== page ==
Dominic Sandbrook Revisits Brideshead

The BBC is currently running a series on the history of British post-war popular culture. It is presented by historian and writer, Dominic Sandbrook, and entitled Let Us Entertain You. The secondĀ episode (“In With the Old”) was devoted to the story of how popular culture, despite its identification with seemingly rebellious rock musicians and their like, had ironically embraced elements of Britain’s old order. The first case study Sandbrook cited was the country house. After noting how 1960s rock musicians such as Keith Richards, Roger Daltry and George Harrison had by the 1970s moved into their own palatial country houses, Sandbrook turned to the popularity of TV dramas featuring country house themes.

He starts with the arrival scene in Brideshead Revisited as illustrated from the 1981 Granada TV series. He describes Waugh’s novel as a “hymn to the aristocratic past written in 1945 at the very moment the nation was turning to social democracy.” According to Sandbrook, the film series offered a “window into an enchanted palace from which most people had always been shut out.” He is next filmed in the entrance hall at Castle Howard explaining that Granada could not have found a “more magnificent setting” for the film and that almost overnight millions of viewers were converted to “what Waugh himself called the cult of the country house.” He doesn’t mention, however, where Waugh may have used that phrase.

The program proceeds to consider other dramas in this genre, with discussions of Upstairs, Downstairs, Downton Abbey, and To the Manor Born. He concludes with the thought that these dramas go beyond obvious escapism to offer to “an anxious and individualistic society a realistic vision of a paternalistic social hierarchy–a vision of Britain as an extended family in which all have a role and everyone knows his placeā€¦” As evidence of this he notes that the popularity of these programs coincided with periods of social unrest and uncertainty such as the miners’ strikes and shortened work week of the 1970s, the recession of the 1980s, and the credit crunch following theĀ market crashĀ of 2008.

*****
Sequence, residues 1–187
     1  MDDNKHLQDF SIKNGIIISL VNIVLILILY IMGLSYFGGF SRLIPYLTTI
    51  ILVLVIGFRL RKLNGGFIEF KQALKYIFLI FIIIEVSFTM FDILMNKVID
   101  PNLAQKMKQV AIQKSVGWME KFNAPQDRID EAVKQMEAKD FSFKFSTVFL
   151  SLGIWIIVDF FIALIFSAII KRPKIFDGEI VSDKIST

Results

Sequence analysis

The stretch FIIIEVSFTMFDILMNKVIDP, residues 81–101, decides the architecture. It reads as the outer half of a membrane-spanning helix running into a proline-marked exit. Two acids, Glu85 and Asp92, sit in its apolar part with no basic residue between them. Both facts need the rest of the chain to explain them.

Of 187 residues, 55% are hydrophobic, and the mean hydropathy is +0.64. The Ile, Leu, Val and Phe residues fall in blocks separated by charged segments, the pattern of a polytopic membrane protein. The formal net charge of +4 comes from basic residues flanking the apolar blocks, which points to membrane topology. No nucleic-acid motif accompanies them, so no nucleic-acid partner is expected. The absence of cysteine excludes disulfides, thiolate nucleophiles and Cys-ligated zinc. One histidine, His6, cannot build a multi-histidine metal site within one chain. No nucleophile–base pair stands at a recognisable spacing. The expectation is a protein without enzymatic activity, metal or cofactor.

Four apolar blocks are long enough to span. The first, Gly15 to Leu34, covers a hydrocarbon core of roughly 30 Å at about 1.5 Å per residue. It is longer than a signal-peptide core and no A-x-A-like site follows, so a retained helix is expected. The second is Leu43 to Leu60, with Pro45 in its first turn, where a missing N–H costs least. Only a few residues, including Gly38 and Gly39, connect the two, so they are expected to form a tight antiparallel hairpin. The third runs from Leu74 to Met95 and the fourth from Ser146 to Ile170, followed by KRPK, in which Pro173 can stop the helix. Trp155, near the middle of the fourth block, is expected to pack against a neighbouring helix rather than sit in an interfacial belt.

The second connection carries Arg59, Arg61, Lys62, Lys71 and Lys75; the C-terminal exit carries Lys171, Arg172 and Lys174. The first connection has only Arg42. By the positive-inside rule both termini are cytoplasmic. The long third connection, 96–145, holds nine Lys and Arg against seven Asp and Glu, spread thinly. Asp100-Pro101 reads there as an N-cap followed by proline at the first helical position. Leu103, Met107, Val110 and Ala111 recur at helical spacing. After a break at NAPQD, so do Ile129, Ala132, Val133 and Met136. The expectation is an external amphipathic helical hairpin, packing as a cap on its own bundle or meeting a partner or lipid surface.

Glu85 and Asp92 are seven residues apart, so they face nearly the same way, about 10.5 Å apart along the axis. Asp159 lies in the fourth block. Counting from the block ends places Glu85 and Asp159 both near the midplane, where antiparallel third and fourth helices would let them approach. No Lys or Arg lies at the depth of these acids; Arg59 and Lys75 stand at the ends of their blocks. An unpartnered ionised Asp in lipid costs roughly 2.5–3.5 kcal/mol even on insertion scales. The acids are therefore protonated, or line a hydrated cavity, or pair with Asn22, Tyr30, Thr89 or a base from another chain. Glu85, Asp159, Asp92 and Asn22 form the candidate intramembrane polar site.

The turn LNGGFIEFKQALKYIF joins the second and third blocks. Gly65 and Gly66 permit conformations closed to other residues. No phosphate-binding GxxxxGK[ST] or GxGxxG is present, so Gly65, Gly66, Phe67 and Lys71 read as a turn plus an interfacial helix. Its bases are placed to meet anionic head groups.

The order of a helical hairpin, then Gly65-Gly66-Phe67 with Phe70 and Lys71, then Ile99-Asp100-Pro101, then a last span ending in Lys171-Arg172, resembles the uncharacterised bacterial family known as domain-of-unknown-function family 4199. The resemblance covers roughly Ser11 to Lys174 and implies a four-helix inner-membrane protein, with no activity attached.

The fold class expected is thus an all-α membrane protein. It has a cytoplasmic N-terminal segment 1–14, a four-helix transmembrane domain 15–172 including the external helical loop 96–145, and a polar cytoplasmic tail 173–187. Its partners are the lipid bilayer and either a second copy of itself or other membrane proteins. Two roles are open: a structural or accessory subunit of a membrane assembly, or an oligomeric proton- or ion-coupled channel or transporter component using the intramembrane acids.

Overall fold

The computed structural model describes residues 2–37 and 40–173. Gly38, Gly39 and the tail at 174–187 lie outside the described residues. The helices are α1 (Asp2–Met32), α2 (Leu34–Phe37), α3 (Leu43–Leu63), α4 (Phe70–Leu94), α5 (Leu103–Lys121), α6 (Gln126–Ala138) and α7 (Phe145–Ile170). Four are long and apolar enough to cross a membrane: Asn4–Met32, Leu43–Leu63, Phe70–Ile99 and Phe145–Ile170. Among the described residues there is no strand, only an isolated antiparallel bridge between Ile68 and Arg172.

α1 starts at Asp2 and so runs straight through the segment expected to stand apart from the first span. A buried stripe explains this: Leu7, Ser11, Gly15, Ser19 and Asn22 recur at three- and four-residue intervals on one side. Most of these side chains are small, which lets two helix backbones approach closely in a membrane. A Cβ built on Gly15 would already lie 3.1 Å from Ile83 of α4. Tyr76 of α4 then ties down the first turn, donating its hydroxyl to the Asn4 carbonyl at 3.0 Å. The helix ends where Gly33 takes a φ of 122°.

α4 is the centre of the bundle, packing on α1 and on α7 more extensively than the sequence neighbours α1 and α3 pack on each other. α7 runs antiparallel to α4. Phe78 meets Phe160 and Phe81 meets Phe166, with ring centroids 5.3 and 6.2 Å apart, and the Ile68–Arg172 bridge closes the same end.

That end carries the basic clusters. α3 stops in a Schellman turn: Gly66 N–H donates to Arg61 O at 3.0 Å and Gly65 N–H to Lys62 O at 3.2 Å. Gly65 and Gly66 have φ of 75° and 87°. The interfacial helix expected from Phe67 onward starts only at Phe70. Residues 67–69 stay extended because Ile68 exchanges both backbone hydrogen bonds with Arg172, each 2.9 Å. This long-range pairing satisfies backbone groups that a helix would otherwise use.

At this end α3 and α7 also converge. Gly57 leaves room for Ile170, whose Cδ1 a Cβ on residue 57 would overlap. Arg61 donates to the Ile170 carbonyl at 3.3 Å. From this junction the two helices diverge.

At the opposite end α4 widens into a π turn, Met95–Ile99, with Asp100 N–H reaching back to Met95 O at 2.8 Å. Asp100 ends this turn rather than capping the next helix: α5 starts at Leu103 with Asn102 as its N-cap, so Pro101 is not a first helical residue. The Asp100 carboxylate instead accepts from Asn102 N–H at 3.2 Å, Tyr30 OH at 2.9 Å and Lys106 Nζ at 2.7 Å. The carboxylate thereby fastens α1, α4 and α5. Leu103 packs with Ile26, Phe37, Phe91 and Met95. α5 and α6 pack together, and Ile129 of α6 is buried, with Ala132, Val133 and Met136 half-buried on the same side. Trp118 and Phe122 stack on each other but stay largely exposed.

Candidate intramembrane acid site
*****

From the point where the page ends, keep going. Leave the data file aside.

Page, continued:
Other examples of popular culture embracing the past include the continuing popularity of themes such as the royal family (“the biggest country house drama of all”), the public school, and James Bond. He concludes with a reference to the political satire movement starting in the 1960s which seemed to be a kick against the establishment but, after affording an opportunity for a laugh,Ā ends up by reinforcingĀ the very thing it was kicking against.

This episode aired on 11 November and will be available for streaming on BBC iPlayer for 28 days from that date. A UK internet connection is required.

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